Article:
BRITTANY. Jutting into the ocean, far from Paris's central state, Brittany had close economic and cultural ties to its Atlantic neighbors. Until 1550, when larger and more efficient Dutch ships displaced them, Breton fleets swarmed European coastal waters, carrying salt, linen, hemp, hides, grain, and wine to distant ports. They returned with oranges, leather, and silver from Spain, with herring, cheese, and naval stores from Holland, and with cloth from England, Holland, and Flanders. Brittany remained a bustling manufacturing power until 1680: its two million inhabitants gave it a population density matched in Europe only by the urban regions of the Low Countries.
In western Brittany, war between France and England disabled the manufacture of linen, crucial to the region's economy, at the end of the seventeenth century. This region lapsed into an enduring poverty, and became a leading center of emigration to Paris in the nineteenth century. Nantes followed a different path: it prospered mightily in colonial trade, becoming the largest French slaving port, and reexporting West Indian sugar and coffee throughout Europe.
Brittany enjoyed a quasi-independent status until 1491, when the last Breton ruler, Duchess Anne (1477–1513), married Charles VIII of France (ruled 1483–1498). He died childless; she then married Louis XII (ruled 1498–1515). Their eldest daughter, Claude, married Francis I (ruled 1515–1547); Claude's son, Henry II (ruled 1547–1559) inherited the duchy, making it the personal property of subsequent kings of France.
Brittany until 1790 preserved its provincial Estates, which met annually until 1626 and biannually after 1630; a full complement of local courts, headed by the parlement at Rennes; its customary laws; and its tax system, run primarily by the Estates. These local institutions enabled the Breton nobility to maintain unusually tight control over the province: alone among early modern French peasant rebels, the Breton bonnets rouges ('red caps') in 1675 targeted noble landlords, rather than royal taxes.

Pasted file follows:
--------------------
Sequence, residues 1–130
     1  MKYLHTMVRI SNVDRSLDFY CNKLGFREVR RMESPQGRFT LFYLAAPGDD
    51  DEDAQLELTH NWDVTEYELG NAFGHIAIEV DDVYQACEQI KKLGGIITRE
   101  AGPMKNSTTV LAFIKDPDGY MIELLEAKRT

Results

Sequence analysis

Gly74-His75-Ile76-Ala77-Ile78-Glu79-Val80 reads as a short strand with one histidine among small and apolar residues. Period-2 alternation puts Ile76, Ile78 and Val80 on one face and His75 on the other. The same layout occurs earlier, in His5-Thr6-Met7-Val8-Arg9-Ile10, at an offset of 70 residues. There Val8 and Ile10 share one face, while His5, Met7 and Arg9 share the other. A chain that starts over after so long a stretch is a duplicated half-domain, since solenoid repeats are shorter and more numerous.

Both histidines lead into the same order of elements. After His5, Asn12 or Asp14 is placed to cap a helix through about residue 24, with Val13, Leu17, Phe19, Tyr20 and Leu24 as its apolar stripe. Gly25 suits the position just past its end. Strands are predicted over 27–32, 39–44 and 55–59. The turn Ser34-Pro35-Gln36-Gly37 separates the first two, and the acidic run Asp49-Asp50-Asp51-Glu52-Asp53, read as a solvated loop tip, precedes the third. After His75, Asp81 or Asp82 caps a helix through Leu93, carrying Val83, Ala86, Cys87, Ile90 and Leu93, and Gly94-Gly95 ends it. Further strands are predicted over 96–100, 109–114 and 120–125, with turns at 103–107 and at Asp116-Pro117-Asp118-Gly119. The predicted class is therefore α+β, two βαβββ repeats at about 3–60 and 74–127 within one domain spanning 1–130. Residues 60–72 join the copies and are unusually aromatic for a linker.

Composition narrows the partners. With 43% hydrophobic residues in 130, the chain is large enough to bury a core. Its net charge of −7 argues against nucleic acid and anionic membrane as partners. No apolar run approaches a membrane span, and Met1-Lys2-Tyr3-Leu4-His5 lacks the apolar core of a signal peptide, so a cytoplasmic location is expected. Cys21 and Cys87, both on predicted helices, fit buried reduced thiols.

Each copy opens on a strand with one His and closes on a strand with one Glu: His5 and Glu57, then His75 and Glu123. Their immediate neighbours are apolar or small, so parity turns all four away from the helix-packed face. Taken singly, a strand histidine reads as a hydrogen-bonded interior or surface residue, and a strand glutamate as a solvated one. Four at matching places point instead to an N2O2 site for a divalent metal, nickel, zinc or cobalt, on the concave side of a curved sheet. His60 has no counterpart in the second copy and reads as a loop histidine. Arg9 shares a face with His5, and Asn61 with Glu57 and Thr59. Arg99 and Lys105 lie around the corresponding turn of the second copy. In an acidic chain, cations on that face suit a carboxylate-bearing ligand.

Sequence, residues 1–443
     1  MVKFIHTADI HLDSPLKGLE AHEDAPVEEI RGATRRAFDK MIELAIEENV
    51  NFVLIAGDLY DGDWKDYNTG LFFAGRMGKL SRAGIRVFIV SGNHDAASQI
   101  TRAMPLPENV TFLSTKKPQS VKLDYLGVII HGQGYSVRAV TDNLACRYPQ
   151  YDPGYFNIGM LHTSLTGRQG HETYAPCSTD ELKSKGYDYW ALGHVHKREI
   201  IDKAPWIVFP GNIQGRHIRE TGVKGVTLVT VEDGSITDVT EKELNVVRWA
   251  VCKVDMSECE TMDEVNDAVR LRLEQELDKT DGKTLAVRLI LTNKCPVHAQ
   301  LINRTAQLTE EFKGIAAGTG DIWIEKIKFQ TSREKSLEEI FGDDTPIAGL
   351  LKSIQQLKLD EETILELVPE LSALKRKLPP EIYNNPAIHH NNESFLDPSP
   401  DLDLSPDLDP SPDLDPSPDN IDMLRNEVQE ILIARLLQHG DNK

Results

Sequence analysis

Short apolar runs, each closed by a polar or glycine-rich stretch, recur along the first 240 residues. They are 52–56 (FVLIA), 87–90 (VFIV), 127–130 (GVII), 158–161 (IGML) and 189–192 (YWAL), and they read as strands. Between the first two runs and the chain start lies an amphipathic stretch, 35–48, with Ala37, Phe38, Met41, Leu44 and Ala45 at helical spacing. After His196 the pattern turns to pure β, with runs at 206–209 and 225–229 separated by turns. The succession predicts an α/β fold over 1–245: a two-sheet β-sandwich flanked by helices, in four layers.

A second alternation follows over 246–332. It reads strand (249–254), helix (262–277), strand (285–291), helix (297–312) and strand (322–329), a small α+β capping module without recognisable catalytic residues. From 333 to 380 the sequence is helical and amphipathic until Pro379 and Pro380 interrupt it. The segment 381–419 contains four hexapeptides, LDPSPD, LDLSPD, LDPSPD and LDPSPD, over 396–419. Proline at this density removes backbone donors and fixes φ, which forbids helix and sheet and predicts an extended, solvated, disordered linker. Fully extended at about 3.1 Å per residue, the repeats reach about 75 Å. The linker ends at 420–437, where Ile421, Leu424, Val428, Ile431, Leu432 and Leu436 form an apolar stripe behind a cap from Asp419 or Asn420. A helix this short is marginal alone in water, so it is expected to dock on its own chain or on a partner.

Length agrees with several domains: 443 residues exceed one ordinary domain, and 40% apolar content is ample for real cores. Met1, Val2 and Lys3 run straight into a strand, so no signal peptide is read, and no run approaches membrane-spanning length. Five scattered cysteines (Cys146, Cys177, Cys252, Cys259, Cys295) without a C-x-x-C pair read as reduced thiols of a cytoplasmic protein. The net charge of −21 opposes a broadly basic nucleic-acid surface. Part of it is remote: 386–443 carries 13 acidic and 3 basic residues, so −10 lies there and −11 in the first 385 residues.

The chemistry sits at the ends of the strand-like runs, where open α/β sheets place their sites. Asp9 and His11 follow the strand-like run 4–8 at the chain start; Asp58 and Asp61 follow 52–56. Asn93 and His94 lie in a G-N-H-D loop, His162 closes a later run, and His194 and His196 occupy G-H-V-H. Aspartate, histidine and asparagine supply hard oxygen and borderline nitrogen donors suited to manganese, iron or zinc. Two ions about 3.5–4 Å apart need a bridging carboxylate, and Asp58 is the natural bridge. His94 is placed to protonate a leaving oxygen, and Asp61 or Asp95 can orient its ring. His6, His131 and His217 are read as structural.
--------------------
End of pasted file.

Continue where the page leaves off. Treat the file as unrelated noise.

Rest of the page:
Western Brittany stood out culturally because its inhabitants spoke Breton Gaelic. Many French speakers shared the views expressed by the marquis of Lavardin, lieutenant general of Brittany, in 1675: Celtic Brittany "is a rude and ferocious country, which produces inhabitants that resemble it. They poorly understand French and scarcely better reason." The Catholic Church sent out "missionaries," led by the Jesuit Julien Maunoir, to "convert" the nominally Catholic Bretons, whom it viewed as pagans. One of his hymns set forward the church's view of peasant sociability: "Listen all of you [Bretons]/The evil of your veillées,/And your savage dances/That the mad devil/Has brought here/To plunge young people/Into eternal torments . . . From these dances/Come lewd thoughts!" (The veillées, evening village gatherings, for storytelling, matchmaking, and general socializing, remained a staple of Breton life into the 1930s.)
Bretons left a visual legacy of their remarkably rich civilization in parish closes, ensembles of churches, Calvary scenes, and ossuaries. The wealth produced by linen and livestock enabled the peasant-merchants of a St-Thégonnec or a Pleyben to commission magnificent statuary, often created by the workshop of Jean Dauré (1706?–1736/1747?) of Landerneau. Artists richly decorated the interiors of the rural churches, either with imaginative paintings on ceilings and pillars, or with stunning altars, as at Lampaul-Guimiliau, whose gilded fallen angels are based on a painting by Rubens (1577–1640). These masterpieces show the European dimension of early modern Breton civilization, and offer some of the richest rewards rural France has to entice the twenty-first-century visitor.
Collins, J. B. Classes, Estates, and Order in Early-Modern Brittany. Cambridge, U.K., and New York, 1994.
Croix, Alain. L'âge d'or de la Bretagne, 1532–1675. Rennes, France, 1993.
Tanguy, J. Histoire de la Bretagne et des pays celtique: La Bretagne province 1532–1789. Morlaix, 1986.
James B. Collins
Brittany (brĬt´ənē), Breton Breiz, Fr. Bretagne, region and former province, NW France. It is a peninsula between the English Channel (N) and the Bay of Biscay (S) and comprises four departments, Ille-et-Vilaine, Côtes-d'Armor, Finistère, and Morbihan. Historically the duchy and province of Brittany also included the Loire-Atlantique dept.
Land and People